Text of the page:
It's just one piece of the movie’s crackingly dialogue (“Whose car we gonna take?”) credited to Affleck and Peter Craig. I’ll say it now. If The Town isn’t the best film I’ve seen this year, it’s the certainly best written.
And its here that Affleck’s talent really lies. He has an eye for composition, and a definite sense of energy. But it’s his writer’s ear for dialogue and his actor’s sense of timing, coupled with an uncommonly good eye for casting that keep his film’s thrumming with such unique energy.
Like Gone Baby Gone, he casts the film with lots of local color including Slaine who if there’s any justice in the world get a shit load of character work for his turn here as Gloansy. When there’s a short scene in an AA meeting, it populated with folks who look like they actually belong at AA meetings. He also gets good use out of Hamm pure masculine righteous menace. Renner, bringing the character a charisma not in the text. Hall as mentioned does fine work in a crucial role. Chris Cooper knocks it out of the park with a one scene roll. And Pete Postelthwaite horrifies as a profound figure of moral and physical rot.
It was Affleck’s final confrontation with Postlethwaite that convinced me that no matter how silly he looked in Daredevil, Ben Affleck was a bonafide badass. And it made me recall another Badass who American filmmakers didn’t know how to handle in his youth. Yes it's be premature to compare Affleck to Eastwood. I know that. And I know he has to make something like The Beguiled or Bird before he can really claim that right. But if he keeps making movies like this, I see no reason why he couldn’t be. I’d certainly hold The Town in as high regard in the badass cinema pantheon as The Outlaw Josey Welles.
Saturday, September 18, 2010
Please don’t work your stuff/ Because I’ve got problems enough
What a lonely and sad movie Magnolia is. But how tender. Magnolia is a film that remains underestimated until it’s watched again. People remember it, but in parts not in whole. It’s the show stoppers, and Magnolia is made up of nearly nothing but, that remain in the mind, the mini film about coincidence that opens the movie, Tom Cruises uber misogynistic rants and the transcendent Wise Up scene, where every character in the film takes a moment to sing along to anthem of repeated mistakes.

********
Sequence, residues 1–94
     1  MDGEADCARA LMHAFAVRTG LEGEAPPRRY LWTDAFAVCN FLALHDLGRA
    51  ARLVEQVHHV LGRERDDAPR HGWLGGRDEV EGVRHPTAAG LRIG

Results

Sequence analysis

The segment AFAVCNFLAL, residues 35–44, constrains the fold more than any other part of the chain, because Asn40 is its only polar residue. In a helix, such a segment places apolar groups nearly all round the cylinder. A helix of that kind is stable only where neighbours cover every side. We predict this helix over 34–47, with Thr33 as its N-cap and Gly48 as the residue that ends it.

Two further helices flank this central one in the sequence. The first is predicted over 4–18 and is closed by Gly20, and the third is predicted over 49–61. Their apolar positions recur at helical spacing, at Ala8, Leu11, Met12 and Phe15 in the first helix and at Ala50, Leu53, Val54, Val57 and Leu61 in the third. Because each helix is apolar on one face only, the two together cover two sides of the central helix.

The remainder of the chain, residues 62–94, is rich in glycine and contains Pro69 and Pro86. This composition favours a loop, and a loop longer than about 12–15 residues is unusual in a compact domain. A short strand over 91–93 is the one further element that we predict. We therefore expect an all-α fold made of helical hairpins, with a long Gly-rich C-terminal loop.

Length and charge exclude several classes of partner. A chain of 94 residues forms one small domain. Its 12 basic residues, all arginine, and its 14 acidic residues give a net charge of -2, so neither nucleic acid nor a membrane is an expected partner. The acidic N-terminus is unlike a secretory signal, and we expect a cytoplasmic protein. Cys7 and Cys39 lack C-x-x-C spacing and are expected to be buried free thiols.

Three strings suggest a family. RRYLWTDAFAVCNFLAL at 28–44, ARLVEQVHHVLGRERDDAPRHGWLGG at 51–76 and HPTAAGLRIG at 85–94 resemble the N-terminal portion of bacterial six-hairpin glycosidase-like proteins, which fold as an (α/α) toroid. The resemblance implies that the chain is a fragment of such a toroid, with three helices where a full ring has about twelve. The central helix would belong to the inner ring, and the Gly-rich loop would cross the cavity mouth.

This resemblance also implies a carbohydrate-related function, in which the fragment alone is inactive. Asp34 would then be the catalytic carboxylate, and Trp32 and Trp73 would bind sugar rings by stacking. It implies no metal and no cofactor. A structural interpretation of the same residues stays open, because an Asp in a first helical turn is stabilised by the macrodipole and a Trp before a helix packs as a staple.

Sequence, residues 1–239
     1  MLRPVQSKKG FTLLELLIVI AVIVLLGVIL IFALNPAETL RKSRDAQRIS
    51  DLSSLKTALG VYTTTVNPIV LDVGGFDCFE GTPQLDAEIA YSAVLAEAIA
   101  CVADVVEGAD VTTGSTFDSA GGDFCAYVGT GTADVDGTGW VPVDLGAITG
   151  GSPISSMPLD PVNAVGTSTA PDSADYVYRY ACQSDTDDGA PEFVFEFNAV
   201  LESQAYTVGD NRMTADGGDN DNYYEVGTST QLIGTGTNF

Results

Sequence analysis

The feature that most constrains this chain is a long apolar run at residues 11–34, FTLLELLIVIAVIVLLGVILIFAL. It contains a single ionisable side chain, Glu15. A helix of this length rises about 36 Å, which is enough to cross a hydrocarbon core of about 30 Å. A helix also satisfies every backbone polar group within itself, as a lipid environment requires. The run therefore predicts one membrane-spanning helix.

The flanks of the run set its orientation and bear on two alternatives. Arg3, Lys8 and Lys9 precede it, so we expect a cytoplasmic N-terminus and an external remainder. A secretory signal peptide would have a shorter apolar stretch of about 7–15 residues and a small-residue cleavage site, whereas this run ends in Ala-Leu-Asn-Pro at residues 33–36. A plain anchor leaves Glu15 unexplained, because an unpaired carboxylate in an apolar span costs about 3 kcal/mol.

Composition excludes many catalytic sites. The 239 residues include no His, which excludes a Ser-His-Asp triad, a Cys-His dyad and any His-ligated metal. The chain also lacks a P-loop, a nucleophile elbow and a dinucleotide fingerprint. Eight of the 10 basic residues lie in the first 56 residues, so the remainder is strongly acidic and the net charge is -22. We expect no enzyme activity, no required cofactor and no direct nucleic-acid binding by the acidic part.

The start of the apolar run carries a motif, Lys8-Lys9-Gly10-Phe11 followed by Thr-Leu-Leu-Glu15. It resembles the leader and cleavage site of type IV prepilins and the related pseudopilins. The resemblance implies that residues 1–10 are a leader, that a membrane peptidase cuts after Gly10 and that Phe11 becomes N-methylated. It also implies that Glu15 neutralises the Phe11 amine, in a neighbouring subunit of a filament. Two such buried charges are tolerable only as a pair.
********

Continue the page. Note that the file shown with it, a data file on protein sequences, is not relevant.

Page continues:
But what perhaps is not remembered is the film’s bruising melancholy. The way it plays less like a movie sometimes and more of a collage of human misery, chronicling its characters despair, and the way they ache for something more. It’s a movie about the mess we make of our lives, and the terrible hurt we carry with us to be something better, to be something good.
The film follows a day in the life of a group of misanthropes, failures, and wasted prodigies across LA, whose lives have reached a point of no return. It portrays it’s character’s yearnings and failings with a compassion and lack of judgement that’s nearly saint like. The characters of Magnolia fail, unable to overcome the sins of their fathers, unable to shrug off the horrid burden the future holds for them, unable to forgive themselves for what they have done and what has been done to them, and most of all what they have become. All held together by Aimee Mann’s desperate score.
But if Magnolia was merely a documentation of human ugliness it would hardly be worth mentioning, let alone seeing. It would be a Todd Solonz movie. What makes Magnolia a masterpiece and what makes PT Anderson an artist is the way it captures people striving to become decent and how hard it is to do that simple thing. Like the similarly inclined Johnathon Frazen, Anderson knows that miserabilism is not enough. So many films are so timid and Magnolia is a bold movie. Bold not merely in its scope and ambition, but in it’s honesty. Character’s say what they are feeling, without bothering with subterfuge. When in the closing moments one of the characters protests through a broken blood filled mouth “That he has love.” It’s not the lack of artiface we’re concerned about, but the desperate raw nerved pain behind it.
The film has two characters a nurse and cop who go through their lives struggling to do good. They can’t help everyone in the movie, there are simply too many who need their help. But the ones they can aid, they do, and the relief they give is as sustaining as CPR to someone who has stopped breathing. For so accurately depicting the weight of guilt and sin, and the way simple kindness can lift that weight, Magnolia is one of my favorite movies. It’s a film that takes you into the darkest reaches of the human heart and soul, and then takes the terrible weight from your shoulders with a simple perfect smile.
Friday, September 17, 2010
It Might Get Loud is too timid of a film to be a great one. But if it falls well short of its potential, it certainly spies some interesting things on the way down. It Might Get Loud gathers Jack White, Jimmy Page, and The Edge for an epic jam session, which is the kind of thing you can do for shits and giggles when your last name is Guggenheim.